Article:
Study finds hormonal therapy “safe and effective” for gender transition


A recent study found that hormonal therapy, meant to aid in gender transition, is totally safe and effective.

A presentation was made on a European study on hormone treatment at the Endocrine Society’s 95th Annual Meeting in San Francisco on June 15.

The study indicated that short term hormone therapy is perfectly safe, and has few side effects.

The head of the study, Katriern Wierckx, who referred to transgender identity as “transsexualism” and called it a “diagnosis,” explained that the “number of trans persons seeking hormonal or surgical treatment has drastically increased in recent years,” Wierckx said, as reported by Pink News.

The study was conducted with the participation of 45 transgender men and 42 transgender women, where the men were given a 12-month series of testosterone doses and women received both anti-androgen medicine as well as estrogen. (Estrogen is a main ingredient in female birth control pills, which thousands of American women take every day.)

Interestingly, oral contraceptives (with the active ingredient of estrogen) show dozens of side effects. According to MedlinePlus, some are quite serious, such as gingivitis, coughing up blood, shortness of breath, depression, and, partial or complete loss of vision, just to name a few.

Personally, when I was taking hormonal birth control, my moods (which are normally rather even) swung out of control and I would randomly and without warning burst into tears for no reason at all. After about four months of thinking I was crazy or suffering from depression I stopped taking the pills. After just a few days I felt back to normal. Since then I have vowed to never take hormonal birth control again. (My experience is not unique—I have heard many similar stories.)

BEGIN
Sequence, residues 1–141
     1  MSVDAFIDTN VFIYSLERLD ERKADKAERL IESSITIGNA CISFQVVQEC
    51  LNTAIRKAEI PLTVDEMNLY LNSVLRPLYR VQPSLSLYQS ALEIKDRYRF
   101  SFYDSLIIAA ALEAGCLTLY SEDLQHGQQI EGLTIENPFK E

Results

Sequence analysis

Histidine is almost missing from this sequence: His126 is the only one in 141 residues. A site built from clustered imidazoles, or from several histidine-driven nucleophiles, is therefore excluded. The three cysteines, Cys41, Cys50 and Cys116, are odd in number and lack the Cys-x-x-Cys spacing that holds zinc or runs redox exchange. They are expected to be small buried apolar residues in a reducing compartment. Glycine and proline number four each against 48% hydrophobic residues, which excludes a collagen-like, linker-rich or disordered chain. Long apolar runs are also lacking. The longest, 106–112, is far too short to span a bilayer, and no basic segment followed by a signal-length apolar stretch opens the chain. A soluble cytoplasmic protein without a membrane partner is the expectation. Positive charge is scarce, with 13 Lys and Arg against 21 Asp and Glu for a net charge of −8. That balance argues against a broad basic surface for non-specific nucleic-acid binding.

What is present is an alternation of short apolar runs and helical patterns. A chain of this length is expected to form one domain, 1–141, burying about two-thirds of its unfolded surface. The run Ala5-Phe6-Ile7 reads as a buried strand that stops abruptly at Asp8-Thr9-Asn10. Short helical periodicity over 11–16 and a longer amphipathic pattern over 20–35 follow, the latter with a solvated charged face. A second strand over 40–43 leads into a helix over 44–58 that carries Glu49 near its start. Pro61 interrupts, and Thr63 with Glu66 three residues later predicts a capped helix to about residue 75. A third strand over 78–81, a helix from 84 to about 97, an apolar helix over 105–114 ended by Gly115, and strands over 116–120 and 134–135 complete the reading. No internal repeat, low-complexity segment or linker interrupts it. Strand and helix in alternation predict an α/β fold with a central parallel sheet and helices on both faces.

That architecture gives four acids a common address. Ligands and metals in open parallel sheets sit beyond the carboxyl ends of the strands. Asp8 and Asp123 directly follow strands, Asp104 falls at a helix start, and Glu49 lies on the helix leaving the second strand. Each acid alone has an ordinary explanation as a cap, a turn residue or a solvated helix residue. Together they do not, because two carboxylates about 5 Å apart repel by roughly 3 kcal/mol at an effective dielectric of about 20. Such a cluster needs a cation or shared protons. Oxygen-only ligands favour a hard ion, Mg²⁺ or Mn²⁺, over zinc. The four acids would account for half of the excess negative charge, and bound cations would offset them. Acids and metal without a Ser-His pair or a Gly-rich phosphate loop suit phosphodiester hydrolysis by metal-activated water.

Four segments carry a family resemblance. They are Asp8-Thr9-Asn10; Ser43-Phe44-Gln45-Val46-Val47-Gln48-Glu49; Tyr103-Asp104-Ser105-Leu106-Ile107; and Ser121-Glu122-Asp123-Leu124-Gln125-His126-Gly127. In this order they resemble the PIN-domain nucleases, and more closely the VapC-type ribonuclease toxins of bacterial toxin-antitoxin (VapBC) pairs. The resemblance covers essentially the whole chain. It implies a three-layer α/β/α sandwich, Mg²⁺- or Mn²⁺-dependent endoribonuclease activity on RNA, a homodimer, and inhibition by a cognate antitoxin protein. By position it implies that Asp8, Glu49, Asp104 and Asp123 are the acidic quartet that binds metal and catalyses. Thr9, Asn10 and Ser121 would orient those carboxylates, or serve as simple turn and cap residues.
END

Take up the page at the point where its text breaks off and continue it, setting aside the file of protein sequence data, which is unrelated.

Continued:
However, I am not a doctor, so I have absolutely no idea what the effects of estrogen would be on a biological male. And as the study would suggest, it is safe and the side effects are quite low.

The side effects included an increase in sexual drive and fat and muscle redistribution.

The hormonal therapy study tracked the participants’ waist-to-hip ratio, fat and lean tissue mass, as well as blood pressure.

“Our study gives valuable information about the effects of drastic changes in sex steroids on glucose and lipid metabolism, cardiovascular and bone health, so that we can inform our future clients, their families and other caregivers more accurately on the desired effects, side effects and adverse events of cross-sex hormonal treatment,” said Wierckx, according to Pink News.

The study also indicated that hormonal therapy could in fact treat some illnesses and disorders, such as polycystic ovarian syndrome and prostate cancer.


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